It could even be stripped down to just the wide-angle lens and maybe the LiDAR sensor, like the camera package on the M4 iPad Pro. Use that to assist in Cinematic Mode post-defocus. Apple could station those around a space and interpolate multiple LiDar feeds into a more stable mesh for projection shenanigans for Vision Pro.

It’s just a camera though, that’s the important part, and it wouldn’t be called iSight or QuickTake. They’d follow the very bland Apple naming convention of Apple Camera.

There would be some amount of on-device storage, of course, with multiple tiers where no one would want to buy the lowest tier but it would always be on sale on Amazon.

However, I would love to see a Cfast or SD card slot so the device could be entirely contained without external drives hanging off a USB-C port. It could write to the onboard storage, and card/external so there were backups (and a reason for internal storage) or write proxy files to one or the other. The important thing is that it can write out a lot, and it can write it out quickly, because it should support the precious log and ProRes abilities that make the iPhone flexible enough to do this kind of work to begin with.

The camera output would also be streamed to a controlling iPad or iPhone with the Final Cut Camera app, or to a Mac with Continuity Camera.

It seems unlikely Apple would ever design something as ergonomic for holding as the DJI Osmo Pocket 3, something as utilitarian as a Sony ZV-E1, or something with the mounting points of a Sony FX3. At least give it one threaded screw mount on the bottom so not everything is gingerly clipped to it with rubber pads. They could always make it some awkward-to-hold nightmare and rely on SmallRig (or their favorite ugly-accessory maker Belkin) to provide the actual utility.

That would satisfy the needs of any vlogger, influencer, or person-who-wants-to-have-the-nicest-camera-in-the-meeting.

The non-iPhone camera doesn’t have to manage anything other than the camera, the storage, and it’s ad-hoc WiFi. It’s not playing music, browsing the web, getting phone calls, loading QR menu PDFs, getting iMessages, dialing 9-1-1 — it’s just a camera, and it just recycles as many parts as possible.

Apple Camera Pro

Why stop there? If I’m imagining something completely improbable so why limit my famously optimistic scope? Let’s talk about something Apple very much wants to be associated with: filmmaking.

Apple shot their Spring iPad Event with iPhones that had Panavision lenses plopped on top of the camera’s own lenses. Stu Mashwitz has all the details.

Apple had to do that because the iPhone has no lens mount system. People have been sticking lenses, and adaptors, over the existing iPhone lenses for a long time. The feature film Tangerine famously stuck an anamorphic adaptor on an iPhone 5S.

What if Apple had their best wide-angle camera sensor and then a bayonet-style lens mount? Even though Apple used Panavision lenses, and Panavision has the PV-Mount (which stands for Panavision), the industry standard in cinema lenses is the PL-Mount (which stands for positive lock).

Naturally, Apple wouldn’t use an existing lens mount, because they’re Apple, and because they’re using a significantly smaller sensor so there’s no need to be married to a very old mounting system. They should still keep a wide mount in case they ever want to increase the sensor size and use up the whole diameter of the mount. They’d have to name it something. A-Mount was already used by Minolta and Sony.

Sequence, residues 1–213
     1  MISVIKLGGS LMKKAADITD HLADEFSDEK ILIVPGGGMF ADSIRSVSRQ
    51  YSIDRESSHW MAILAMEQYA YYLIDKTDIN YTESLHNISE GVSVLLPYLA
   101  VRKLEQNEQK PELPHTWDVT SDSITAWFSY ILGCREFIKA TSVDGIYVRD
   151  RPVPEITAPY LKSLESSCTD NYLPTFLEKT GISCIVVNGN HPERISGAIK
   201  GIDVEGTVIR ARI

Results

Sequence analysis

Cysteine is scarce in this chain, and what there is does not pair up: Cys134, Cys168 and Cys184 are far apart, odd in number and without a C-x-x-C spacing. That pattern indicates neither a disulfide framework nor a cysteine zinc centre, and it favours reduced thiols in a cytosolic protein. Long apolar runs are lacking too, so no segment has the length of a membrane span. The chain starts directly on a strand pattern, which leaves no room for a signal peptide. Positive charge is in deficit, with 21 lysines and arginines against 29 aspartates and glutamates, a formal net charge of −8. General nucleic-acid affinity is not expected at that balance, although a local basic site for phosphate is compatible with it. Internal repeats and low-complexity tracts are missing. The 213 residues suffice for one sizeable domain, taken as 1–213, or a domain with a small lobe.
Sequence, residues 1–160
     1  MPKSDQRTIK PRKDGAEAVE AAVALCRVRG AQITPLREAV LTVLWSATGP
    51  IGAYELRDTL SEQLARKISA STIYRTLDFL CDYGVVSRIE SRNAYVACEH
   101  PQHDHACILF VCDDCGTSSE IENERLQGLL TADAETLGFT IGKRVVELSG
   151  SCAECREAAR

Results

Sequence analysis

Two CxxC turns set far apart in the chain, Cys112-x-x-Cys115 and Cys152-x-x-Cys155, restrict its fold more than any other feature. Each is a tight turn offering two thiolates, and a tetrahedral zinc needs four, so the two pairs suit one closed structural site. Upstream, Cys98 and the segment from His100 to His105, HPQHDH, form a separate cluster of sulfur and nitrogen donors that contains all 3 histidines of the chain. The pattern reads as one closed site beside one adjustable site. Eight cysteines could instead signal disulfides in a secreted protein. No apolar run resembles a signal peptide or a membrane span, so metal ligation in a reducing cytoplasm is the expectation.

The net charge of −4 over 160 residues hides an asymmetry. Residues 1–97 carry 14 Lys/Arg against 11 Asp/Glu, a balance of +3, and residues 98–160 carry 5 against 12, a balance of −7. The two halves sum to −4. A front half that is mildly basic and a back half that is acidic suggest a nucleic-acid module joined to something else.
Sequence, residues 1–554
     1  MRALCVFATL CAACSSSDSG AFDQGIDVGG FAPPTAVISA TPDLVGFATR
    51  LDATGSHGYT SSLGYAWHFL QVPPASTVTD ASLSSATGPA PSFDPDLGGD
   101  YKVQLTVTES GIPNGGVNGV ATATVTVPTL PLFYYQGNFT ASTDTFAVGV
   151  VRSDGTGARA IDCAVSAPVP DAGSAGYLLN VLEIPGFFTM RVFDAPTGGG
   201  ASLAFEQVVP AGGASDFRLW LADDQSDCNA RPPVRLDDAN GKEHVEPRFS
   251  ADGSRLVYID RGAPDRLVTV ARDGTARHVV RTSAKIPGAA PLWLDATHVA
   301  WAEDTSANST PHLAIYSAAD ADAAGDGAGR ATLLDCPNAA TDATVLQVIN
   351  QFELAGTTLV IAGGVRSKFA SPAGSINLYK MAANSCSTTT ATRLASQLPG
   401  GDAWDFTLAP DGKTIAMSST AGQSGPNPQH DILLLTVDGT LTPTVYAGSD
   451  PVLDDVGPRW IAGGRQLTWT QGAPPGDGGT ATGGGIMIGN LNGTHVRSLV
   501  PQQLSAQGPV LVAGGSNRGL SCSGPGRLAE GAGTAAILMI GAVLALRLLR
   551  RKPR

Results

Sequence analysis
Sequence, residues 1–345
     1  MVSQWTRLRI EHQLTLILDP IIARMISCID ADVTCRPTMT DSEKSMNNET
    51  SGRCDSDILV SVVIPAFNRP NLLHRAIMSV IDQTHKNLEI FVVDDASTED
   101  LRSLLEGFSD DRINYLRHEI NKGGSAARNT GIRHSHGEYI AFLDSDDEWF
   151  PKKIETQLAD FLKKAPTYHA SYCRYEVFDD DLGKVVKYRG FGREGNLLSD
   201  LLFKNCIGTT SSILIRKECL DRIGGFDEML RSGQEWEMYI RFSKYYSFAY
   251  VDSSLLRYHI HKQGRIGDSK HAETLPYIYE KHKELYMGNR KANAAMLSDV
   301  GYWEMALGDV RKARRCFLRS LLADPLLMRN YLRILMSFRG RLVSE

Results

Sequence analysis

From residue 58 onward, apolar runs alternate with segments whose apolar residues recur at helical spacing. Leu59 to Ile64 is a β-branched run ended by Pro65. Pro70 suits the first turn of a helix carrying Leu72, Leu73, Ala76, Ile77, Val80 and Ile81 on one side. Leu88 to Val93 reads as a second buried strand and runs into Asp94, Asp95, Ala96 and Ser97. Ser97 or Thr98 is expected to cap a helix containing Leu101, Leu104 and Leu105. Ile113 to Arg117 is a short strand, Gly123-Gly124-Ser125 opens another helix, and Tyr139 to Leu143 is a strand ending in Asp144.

Because of their cinema aspirations they could always go with APL-Mount. Wouldn’t that be fun? I think it’d be fun, and I’m writing this, so shut up.

It wouldn’t matter what it was named, because like any mirrorless camera you can get the lens glass as close or as far away from the sensor as you want to with lens mount adapters that can be as simple as threaded metal tube, or can carry electrical signals over metal contacts around the perimeter of the mount for lens information, or to control the lens itself.

What if Apple had custom auto-focus prime lenses that could be driven by that iPad Pro over in video village? Something that worked in concert with the other controls instead of doing what they did in the Spring Event and manually pull the lens focus.

Anyway, that seems extremely unlikely to happen. Like hell-freezing-over unlikely. The vlogging camera seems marginally more attainable as fan fiction.


Hell, I’d love an electronic viewfinder, but that’s harder to justify than a screen that can be looked at from a few feet away to check framing. That’s definitely more of a photographic concern. I’d just as soon rule it out completely, but maybe Apple can sell an EVF that hooks onto a hot shoe like Leica does. For the real dorks.


Apple is doing just fine selling iPhones, and it’s easy to argue that every time Apple sells another device it’s a “distraction” but if that were true then they’d only sell iPhones. They’ve got to be able to delegate something like this to a group in Apple. Riffle through parts bins and make one of these every 2-3 years.

I’m hard pressed to think of a reason why Apple wouldn’t benefit from selling dedicated cameras though. I already mentioned that they’re accessories that tie into Apple’s far more expensive devices. As an accessory it also helps take the strain off the iPhone needing to do everything all by itself —which is increasingly important as the device gets thinner and camera bumps get weirder.

As a producer of entertainment Apple would also stand to benefit. Imagine a show shot entirely on Apple cameras, without janky lenses on top of iPhone lenses. Apple could array a few cameras and have a stereoscopic rig, or stitch a bunch together for some immersive video —all on Apple hardware. Think of the press releases they could make about that. The adulation. The nitpicking.

Give us a treat from the parts bin, Tim. Just a little, itty-bitty accessory of a camera.

2024-05-30 09:45:00

Category: text